Political parties urged to address minorities’ issues

By Our Correspondent
January 28, 2023

LAHORE:The political parties have been urged to invest in efforts to promote social cohesion and address the human rights issues faced by marginalised groups. The speakers demanded this while addressing a seminar on the topic of “Political parties’ priorities and minorities’ rights” here on Friday. The seminar was organised by Centre for Social Justice (CSJ).


Known speakers such as Peter Jacob, Mazhar Abbas, Mehnaz Rehman, Anis Haroon, Sheema Kirmani, and Justice Kailash Nath Kohli addressed the seminar where Lubna Jerar Naqvi performed as moderator.

CSJ’s report titled “Promises to Keep & Miles to Go” based on the analysis of pledges, actions and performance regarding minorities rights made by political parties was launched. According to report, the political parties in the government and opposition failed to implement their pledges fully in the last three parliamentary tenures.

The study found that PTI fulfilled none out of five promises made in election manifesto 2018, though it made partial progress on two promises. PMLN failed to materialise nine out of ten promises while PPP partially implemented one out of eight promises.

The study showed that one-third of the pledges in parties’ manifestos throughout three election years i.e. 2008, 2013, 2018 were common, including minority representation in ETPB, establishing a statutory minority commission, reviewing curriculum, implementing job quotas and reviewing discriminatory laws. However, the pledges remain unfulfilled. The study revealed that the political parties appear to be reluctant to take measures to address outstanding issues faced by minorities.

The study found that the political parties are increasingly using the language that manifests their aspiration about the empowerment of minorities but while in power, the parties rely on non-legislative means or weak measures, such as; issuing executive notifications instead of passing legislation to introduce affirmative measures. For instance, a law is yet to be enacted to establish a statutory National Commission for Minorities despite it was promised by PTI and PPP. Likewise, a law is yet to be enacted to effectively implement job quotas for minorities in government departments and institutions despite it was pledged by PMLN, PPP and PTI in their election manifestos.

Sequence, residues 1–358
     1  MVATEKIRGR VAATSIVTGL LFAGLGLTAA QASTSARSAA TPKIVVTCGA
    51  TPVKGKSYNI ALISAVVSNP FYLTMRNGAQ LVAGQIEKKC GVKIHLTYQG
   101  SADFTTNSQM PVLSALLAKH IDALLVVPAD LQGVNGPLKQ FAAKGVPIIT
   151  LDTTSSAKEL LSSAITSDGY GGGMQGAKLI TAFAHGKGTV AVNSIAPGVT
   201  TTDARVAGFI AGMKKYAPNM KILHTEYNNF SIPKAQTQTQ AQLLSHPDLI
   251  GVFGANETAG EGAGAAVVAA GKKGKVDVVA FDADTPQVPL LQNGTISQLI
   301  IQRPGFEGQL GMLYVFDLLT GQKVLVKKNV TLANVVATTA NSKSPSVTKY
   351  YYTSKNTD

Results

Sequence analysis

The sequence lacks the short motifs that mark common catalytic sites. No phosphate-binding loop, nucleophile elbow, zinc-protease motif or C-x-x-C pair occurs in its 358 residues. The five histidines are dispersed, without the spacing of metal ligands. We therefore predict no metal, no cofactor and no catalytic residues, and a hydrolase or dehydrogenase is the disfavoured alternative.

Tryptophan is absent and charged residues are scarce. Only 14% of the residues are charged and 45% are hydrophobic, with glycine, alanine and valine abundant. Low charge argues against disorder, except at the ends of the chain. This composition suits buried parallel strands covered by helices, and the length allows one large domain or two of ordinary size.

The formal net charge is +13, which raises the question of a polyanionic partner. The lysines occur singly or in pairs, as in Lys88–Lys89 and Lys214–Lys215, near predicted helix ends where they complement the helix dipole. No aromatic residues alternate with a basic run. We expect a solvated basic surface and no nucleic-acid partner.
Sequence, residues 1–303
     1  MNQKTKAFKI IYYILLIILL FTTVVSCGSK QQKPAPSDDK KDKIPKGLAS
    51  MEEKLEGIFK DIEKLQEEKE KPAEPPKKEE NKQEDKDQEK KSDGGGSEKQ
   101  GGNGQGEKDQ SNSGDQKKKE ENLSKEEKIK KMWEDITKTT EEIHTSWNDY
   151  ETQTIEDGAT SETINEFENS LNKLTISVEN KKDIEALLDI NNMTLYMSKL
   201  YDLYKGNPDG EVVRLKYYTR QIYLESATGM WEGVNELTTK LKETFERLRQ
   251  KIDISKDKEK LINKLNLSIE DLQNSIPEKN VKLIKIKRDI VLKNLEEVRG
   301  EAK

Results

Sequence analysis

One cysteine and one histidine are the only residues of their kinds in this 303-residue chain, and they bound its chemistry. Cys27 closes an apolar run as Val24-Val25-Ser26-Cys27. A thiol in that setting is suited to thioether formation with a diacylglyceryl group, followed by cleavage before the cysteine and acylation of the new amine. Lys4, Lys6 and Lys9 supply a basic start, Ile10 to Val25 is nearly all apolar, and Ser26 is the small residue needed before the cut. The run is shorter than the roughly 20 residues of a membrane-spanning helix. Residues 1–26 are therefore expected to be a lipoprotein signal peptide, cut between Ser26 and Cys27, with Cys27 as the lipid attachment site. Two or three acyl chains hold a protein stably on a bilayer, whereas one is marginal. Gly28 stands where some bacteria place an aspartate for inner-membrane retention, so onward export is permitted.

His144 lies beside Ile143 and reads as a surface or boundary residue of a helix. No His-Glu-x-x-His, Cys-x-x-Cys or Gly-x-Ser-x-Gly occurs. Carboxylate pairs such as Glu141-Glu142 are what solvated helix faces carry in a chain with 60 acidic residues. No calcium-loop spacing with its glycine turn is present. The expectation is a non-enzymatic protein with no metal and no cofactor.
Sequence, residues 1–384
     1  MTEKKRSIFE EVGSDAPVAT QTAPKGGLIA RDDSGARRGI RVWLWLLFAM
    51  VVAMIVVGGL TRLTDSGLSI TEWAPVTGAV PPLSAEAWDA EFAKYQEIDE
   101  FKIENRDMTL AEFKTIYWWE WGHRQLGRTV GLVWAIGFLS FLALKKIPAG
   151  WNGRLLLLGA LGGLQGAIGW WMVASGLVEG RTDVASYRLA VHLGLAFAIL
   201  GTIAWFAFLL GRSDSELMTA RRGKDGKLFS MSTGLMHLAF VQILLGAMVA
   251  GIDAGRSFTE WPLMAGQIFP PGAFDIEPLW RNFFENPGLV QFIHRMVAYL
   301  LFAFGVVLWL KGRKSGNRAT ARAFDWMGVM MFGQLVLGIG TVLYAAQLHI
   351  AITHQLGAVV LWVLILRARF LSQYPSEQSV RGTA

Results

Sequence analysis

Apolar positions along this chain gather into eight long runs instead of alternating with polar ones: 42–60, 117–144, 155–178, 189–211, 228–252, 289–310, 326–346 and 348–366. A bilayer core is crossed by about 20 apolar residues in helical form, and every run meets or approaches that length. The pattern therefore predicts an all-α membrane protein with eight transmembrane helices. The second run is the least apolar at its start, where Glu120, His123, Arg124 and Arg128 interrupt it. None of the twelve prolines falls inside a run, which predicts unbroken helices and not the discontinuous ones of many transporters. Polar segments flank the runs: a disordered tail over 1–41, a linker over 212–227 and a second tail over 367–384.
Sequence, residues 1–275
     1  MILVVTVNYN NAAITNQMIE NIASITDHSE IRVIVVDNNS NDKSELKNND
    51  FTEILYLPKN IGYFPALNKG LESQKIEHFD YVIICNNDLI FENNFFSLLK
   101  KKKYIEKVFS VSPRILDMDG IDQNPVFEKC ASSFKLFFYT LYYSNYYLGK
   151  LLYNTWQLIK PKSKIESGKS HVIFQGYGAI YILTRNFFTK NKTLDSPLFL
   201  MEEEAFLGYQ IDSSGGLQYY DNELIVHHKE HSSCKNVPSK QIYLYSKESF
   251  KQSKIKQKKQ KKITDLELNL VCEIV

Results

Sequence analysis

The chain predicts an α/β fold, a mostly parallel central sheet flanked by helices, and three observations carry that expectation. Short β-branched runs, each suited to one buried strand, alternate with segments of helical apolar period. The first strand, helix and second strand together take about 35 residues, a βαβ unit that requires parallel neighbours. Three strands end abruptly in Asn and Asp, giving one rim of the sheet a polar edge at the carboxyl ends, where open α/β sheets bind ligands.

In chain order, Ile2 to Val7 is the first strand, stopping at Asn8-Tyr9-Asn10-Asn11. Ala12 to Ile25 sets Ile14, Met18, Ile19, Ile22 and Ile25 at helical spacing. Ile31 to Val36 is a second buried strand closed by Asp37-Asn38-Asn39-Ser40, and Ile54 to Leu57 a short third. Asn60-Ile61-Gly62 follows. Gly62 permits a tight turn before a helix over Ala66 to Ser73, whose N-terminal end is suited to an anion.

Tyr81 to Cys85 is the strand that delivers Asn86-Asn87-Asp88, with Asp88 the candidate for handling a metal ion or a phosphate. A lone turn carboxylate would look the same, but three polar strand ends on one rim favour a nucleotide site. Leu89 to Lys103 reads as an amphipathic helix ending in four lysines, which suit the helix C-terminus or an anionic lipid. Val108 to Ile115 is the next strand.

Addressing the seminar, CSJ’s executive director Peter Jacob said that the Centre for Social Justice desires to contribute positively in the very complex situation of political polarisation in Pakistan. Mazhar Abbas said it is sad that political parties failed to fulfill their promises and the elected representatives do not even speak for the rights of marginalised groups. Anis Haroon said that people follow religions and the state is not meant to practice any, in order to effectively fulfill its responsibility to ensure equal rights, opportunities, and treatment for all citizens without any discrimination.

Sheema Kirmani said that implementation of existing laws can only be ensured if social and cultural values are changed with better and enlightened ones. The ruling parties need to stop imposing intolerant thoughts into the general public, she added.

Mehnaz Rehman said that the government needs to invest its resources and energies to inculcate ideals of inclusion and tolerance in the society, and take actions against forces involved in promoting hatred and intolerance in the society.

CSJ’s report titled “Promises to Keep & Miles to Go” which revealed that the Punjab government during 2008 and 2022 introduced 11 policy actions followed by the federal government with nine actions, Balochistan with eight, KP with seven and Sindh with six actions.­